The Role of Blood-Brain Barrier Pathology in Post-Traumatic Epilepsy and its Co-Morbidities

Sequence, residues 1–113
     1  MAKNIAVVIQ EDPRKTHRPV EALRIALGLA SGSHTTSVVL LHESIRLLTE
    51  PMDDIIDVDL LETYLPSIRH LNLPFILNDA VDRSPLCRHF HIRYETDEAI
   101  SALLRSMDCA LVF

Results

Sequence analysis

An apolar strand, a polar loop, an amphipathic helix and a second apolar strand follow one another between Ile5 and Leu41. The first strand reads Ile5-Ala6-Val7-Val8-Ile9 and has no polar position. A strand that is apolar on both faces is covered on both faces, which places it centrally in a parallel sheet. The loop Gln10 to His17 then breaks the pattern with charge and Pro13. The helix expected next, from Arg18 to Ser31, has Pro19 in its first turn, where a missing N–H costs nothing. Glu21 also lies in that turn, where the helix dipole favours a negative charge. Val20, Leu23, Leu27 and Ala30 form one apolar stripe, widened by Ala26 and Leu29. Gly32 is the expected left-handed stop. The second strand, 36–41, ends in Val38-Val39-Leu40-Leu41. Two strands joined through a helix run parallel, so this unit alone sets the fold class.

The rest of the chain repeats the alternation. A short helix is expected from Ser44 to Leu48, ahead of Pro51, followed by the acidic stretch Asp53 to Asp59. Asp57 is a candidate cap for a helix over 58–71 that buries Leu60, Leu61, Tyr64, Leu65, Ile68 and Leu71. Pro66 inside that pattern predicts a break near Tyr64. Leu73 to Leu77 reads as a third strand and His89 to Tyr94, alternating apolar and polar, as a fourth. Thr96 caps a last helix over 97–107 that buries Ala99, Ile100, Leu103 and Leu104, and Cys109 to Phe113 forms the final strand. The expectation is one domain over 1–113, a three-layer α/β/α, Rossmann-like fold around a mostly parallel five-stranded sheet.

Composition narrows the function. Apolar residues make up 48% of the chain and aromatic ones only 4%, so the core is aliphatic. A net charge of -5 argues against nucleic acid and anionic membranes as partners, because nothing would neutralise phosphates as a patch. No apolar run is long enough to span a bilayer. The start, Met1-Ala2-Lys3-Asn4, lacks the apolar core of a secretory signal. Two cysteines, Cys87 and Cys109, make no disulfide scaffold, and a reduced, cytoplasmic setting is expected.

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Traumatic brain injury (TBI) is becoming a global epidemic with an up-to-date figure putting its toll at 69 million people affected worldwide. In Canada, TBI accounts for 150,000 annual emergency room visits and about half-a-million people are living with a TBI-related disability. The more debilitating forms of TBI have also been associated with a higher risk of about 10-40% for developing post-traumatic epilepsy (PTE) as well as long-term cognitive impairments, neurodegenerative and neuropsychiatric diseases. There are currently no effective therapeutics for the prevention of PTE and associated co-morbidities. Accumulating evidence indicates that blood-brain barrier dysfunction (BBBD) is common following TBI and has a role in epileptogenesis. The goal of the present study was to test whether imaging BBB dysfunction following TBI can be used to predict the development of PTE and its associate co-morbidities. Methods: We used a weight drop model of moderate traumatic brain injury in young adult rats. Rats were assessed for primary injury using a neurological score at baseline, 24, 48 hours and 1-week after injury. The magnitude of BBBD was assessed using a contrast-enhanced magnetic resonance imaging (CE-MRI) at 48 hours and 1-month time points. PTE was assessed using telemetric continuous electrographic recordings between 2-6 months after injury. Cognitive impairment was assessed using the Morris water maze test at 1 month after the trauma. Results: CE-MRI confirmed BBBD 48hrs after injury in contrast to healthy controls. To this end, 6 rats (26%) developed PTE at 6-months post injury. Epileptic rats showed abnormal pattern of brain activity with increased occurrence of slow frequency events, termed “paroxysmal slow wave events” (PSWEs). Morris water maze confirmed a reduction in learning skills in animals after injury. The extent of BBBD at 48 hours was inversely related to performance at the Morris water maze, but not with the development of epilepsy at 6-months. Conclusion: Post-traumatic epilepsy is fairly common following moderate traumatic brain injury. PSWEs may reflect an underlying neuronal hypersynchronous activity and may offer a novel non-invasive biomarker for neural injury and epileptogenesis. BBBD imaging may serve as a predicting biomarker for the development of cognitive impairment.